#8 She played an active role during World War II including chairing the OCD

After the advent of the Second World War in 1941, Eleanor co-chaired the Office of Civilian Defense (OCD) till February 1942. OCD was responsible for coordinating measures for protection of civilians like special fire protection and carrying out war service functions such as child care and health. She visited troops on a morale-building tour, encouraged volunteerism on the home front and advocated increased roles for women and African-Americans in the war effort. Roosevelt also supported the immigration of European refugees. Although her efforts in this regard were mostly in vain, she did successfully secure political refugee status for 83 Jewish refugees from the S.S. Quanza in August 1940.

Eleanor Roosevelt during World War II
Eleanor Roosevelt, on a tour of the South Pacific during World War II, visiting a wounded U.S. Marine in 1943


#9 Eleanor oversaw the drafting and passage of the Universal Declaration of Human Rights

After Franklin D. Roosevelt’s death in 1945, President Harry S. Truman appointed Eleanor a delegate to the United Nations (UN). In April 1946, she became the first chairperson of the preliminary UN Commission on Human Rights. The commission established a special Universal Declaration of Human Rights Drafting Committee which was chaired by Roosevelt. The Universal Declaration was adopted by the General Assembly in 1948. Even though it is not legally binding, the Declaration has been adopted in or has influenced most national constitutions since 1948. It has also served as the foundation for international laws and treaties. It is considered one of the most prominent achievements of Eleanor Roosevelt.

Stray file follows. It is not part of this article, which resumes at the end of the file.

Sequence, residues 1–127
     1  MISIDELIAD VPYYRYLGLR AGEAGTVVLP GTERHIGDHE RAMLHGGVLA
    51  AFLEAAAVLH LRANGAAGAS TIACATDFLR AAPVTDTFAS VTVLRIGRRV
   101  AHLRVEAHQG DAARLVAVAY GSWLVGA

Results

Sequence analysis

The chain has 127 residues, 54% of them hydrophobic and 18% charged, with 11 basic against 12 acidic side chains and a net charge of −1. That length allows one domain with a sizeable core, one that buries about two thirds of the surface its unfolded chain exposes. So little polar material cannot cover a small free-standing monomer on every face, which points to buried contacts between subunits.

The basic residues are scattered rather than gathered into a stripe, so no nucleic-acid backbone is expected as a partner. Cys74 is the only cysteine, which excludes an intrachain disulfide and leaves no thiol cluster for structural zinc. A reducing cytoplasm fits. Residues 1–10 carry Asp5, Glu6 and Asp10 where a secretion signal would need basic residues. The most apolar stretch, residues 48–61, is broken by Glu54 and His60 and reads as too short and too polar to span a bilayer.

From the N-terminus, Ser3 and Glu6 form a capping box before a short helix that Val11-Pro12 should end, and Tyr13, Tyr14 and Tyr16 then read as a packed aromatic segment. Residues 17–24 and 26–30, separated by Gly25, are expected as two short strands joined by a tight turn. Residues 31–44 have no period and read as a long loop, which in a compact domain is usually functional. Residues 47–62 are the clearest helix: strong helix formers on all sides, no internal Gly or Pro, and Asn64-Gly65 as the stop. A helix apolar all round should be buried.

Eleanor Roosevelt with the Universal Declaration of Human Rights
Eleanor Roosevelt with the Mexican version of the Universal Declaration of Human Rights


#10 She is ranked among the most influential people of the twentieth century

Roosevelt served as the first U.S. Representative to the United Nations Commission on Human Rights from 1946 to 1953. In 1961, President John F. Kennedy appointed her to chair the Commission on the Status of Women and she continued in that capacity till shortly before her death in November 1962. The UN posthumously awarded Roosevelt with one of its first Human Rights Prizes in 1968 in recognition of her work. In 1999, she was ranked ninth in the top ten of Gallup’s List of Most Widely Admired People of the 20th Century. The same year, Eleanor Roosevelt was also included in TIME magazine’s compilation of the 100 most influential people of the twentieth century.

Eleanor Roosevelt on TIME Magazine
Eleanor Roosevelt on TIME Magazine Cover (1952)



One of Eleanor Roosevelt’s primary projects as First Lady was establishment of a planned community in Arthurdale, West Virginia. Named after the former owner of the land Richard Arthur, its work began in 1933. The plan was to take impoverished people and help them become economically self-sufficient through subsistence farming, handicrafts and a manufacturing plant. Roosevelt was a vigorous fundraiser for the community and spent most of her own income on the project. However Arthurdale became increasingly dependent on outside assistance. The project was abandoned in 1941 with U.S. selling off the last of its holdings in the community at a loss. Though the Arthurdale experiment is generally described as a failure, the residents considered the town a “utopia” compared to their previous circumstances and many were returned to economic self-sufficiency.